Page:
Applications for new credit could indeed be an early warning that sensitive data has been compromised by an identity thief. Thus, financial institutions cannot limit monitoring to existing accounts but must be vigilant in monitoring all uses of sensitive customer information. The Federal Trade Commission's survey on identity theft, reported September 2003, found that there were nearly 10 million victims of this crime in 2002, with one third of them being cases of new account fraud, also known as application fraud.4

New account fraud is the most devastating form of financial identity theft for victims. Individuals are not likely to learn that someone has opened new accounts in their name until they themselves attempt to open new credit accounts, obtain a mortgage, refinance their home, or rent an apartment - at which time the creditor obtains a credit report and learns that the individual has a bad track record. The victim is then burdened with regaining his/her financial health and clearing the credit report of the fraudulent trade lines. This can take many months, even years. During that time the victim is in credit limbo. It is difficult to obtain reasonably-priced credit, rent an apartment, even in some cases to obtain employment.

We do not know if the Agencies meant to overlook new account fraud in their Response Guidelines. Certainly, notifying individuals who do not have existing accounts with the financial institution that an application appears to have been made fraudulently in their name is a vitally important aspect of identity theft prevention. This type of notice should not be overlooked in the Response Guidelines.

7. Fraud alerts. The guidelines should require financial institutions to observe fraud alerts in the customer's consumer reports. To be an effective deterrent against identity theft, a fraud alert must prompt a reasonable investigation by the financial institution before extending new credit or changing the terms of existing credit. The Privacy Rights Clearinghouse has assisted thousands of identity theft victims in the past decade. A significant number of victims have reported to the PRC that a credit card company issued credit to the imposter after the victim placed fraud alerts on his/her credit report.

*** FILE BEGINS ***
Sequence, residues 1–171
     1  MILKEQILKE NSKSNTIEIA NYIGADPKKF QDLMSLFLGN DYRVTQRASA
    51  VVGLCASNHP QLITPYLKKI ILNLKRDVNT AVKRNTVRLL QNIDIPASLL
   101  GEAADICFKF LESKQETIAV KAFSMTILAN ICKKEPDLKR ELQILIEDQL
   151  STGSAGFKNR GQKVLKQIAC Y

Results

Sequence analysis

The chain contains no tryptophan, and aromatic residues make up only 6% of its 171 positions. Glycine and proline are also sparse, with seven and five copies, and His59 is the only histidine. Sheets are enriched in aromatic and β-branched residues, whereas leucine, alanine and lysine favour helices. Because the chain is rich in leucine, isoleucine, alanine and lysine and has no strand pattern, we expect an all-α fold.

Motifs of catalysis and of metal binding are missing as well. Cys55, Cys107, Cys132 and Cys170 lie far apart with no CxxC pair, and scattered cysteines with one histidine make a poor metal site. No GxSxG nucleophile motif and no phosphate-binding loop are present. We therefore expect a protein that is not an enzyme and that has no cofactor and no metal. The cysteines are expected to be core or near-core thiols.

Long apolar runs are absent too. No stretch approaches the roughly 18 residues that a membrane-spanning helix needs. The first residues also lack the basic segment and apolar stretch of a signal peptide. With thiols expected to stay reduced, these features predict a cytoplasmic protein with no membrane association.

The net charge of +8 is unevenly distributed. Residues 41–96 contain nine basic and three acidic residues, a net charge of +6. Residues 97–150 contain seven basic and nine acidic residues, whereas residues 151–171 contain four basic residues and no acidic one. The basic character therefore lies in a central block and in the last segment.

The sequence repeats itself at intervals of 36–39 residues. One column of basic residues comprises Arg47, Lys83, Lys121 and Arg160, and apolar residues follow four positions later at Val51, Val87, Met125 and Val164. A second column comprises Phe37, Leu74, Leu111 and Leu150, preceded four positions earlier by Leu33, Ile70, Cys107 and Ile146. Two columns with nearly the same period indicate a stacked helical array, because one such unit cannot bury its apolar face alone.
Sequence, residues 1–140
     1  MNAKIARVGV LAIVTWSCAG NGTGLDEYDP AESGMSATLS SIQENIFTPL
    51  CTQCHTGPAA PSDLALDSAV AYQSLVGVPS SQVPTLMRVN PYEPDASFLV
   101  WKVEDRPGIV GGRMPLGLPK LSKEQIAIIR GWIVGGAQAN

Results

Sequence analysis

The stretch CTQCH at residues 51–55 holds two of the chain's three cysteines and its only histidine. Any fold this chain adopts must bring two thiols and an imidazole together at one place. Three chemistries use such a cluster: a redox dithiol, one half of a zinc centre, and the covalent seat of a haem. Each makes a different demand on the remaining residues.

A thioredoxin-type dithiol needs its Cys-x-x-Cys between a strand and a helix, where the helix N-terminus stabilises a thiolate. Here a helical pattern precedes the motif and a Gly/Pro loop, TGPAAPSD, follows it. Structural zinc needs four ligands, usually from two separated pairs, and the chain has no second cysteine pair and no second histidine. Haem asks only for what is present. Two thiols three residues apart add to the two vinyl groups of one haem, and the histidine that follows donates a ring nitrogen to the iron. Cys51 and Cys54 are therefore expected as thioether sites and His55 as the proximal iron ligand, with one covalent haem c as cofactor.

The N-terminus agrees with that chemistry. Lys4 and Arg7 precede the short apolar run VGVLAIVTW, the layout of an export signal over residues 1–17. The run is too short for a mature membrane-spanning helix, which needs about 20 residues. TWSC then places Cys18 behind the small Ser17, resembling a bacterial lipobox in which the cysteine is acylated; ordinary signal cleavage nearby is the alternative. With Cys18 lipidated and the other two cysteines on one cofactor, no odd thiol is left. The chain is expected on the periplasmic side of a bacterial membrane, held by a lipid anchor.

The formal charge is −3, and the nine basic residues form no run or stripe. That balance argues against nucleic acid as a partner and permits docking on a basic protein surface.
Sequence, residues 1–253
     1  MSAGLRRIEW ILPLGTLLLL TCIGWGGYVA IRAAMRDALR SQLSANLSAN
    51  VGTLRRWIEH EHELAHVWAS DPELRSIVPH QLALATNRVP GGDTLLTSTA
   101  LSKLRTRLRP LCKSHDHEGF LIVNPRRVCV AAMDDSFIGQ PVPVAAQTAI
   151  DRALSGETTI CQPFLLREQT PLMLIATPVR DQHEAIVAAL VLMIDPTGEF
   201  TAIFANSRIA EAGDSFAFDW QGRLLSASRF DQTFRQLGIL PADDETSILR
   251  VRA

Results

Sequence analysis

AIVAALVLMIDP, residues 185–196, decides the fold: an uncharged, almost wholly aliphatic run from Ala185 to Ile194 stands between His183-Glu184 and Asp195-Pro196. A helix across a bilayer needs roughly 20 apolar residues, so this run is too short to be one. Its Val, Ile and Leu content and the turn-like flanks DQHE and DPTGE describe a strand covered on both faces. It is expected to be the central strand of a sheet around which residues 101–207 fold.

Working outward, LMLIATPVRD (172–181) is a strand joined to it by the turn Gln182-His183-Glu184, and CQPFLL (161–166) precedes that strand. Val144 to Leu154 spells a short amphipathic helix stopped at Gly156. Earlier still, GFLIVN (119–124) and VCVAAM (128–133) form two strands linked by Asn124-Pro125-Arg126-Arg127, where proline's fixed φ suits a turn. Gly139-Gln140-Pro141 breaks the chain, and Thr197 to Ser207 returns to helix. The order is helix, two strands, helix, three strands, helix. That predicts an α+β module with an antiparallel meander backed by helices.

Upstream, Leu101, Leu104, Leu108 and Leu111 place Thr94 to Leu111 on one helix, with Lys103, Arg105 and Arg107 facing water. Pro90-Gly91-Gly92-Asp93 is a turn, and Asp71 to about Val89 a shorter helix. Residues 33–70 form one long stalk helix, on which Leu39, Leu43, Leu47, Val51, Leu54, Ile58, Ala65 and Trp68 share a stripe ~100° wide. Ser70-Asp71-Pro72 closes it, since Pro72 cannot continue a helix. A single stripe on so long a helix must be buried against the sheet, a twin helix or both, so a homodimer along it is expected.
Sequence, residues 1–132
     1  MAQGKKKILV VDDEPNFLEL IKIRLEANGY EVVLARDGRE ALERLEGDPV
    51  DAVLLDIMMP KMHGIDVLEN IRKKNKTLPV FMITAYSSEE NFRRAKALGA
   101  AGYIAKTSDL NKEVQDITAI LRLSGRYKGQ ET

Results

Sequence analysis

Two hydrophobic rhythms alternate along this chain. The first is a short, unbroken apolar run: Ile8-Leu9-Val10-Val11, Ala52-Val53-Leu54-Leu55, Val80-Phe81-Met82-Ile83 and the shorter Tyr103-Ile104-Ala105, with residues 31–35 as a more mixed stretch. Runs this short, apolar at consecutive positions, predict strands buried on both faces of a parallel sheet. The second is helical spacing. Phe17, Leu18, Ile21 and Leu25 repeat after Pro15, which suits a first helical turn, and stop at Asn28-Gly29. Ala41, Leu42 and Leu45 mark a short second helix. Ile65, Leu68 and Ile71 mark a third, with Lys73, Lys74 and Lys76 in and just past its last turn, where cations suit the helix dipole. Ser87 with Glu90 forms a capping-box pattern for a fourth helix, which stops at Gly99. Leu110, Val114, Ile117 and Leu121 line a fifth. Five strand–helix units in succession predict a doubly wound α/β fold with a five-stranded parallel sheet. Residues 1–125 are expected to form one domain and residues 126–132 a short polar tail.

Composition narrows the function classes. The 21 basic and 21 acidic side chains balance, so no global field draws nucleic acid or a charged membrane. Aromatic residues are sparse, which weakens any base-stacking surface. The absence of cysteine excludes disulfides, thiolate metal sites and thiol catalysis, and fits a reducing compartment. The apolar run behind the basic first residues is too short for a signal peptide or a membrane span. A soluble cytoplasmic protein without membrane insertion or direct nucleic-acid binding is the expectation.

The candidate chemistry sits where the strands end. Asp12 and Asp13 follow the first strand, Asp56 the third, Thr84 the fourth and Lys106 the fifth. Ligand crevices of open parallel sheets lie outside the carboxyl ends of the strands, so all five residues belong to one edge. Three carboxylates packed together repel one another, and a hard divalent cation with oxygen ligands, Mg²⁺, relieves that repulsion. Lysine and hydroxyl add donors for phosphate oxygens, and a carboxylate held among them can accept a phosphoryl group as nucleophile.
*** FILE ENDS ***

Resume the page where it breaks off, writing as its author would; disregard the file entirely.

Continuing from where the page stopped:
8. Time for delivery of notice to customers. The proposed guidelines state only that customer notice should be timely, thus giving financial institutions wide discretion about when notice should be given. This vague requirement of timeliness is unacceptable and an inadequate defense against identity theft. Criminals who obtain sensitive consumer data through any illegal means are more likely than not to begin using that information immediately to run up credit card charges, drain the consumer's account, or open new accounts.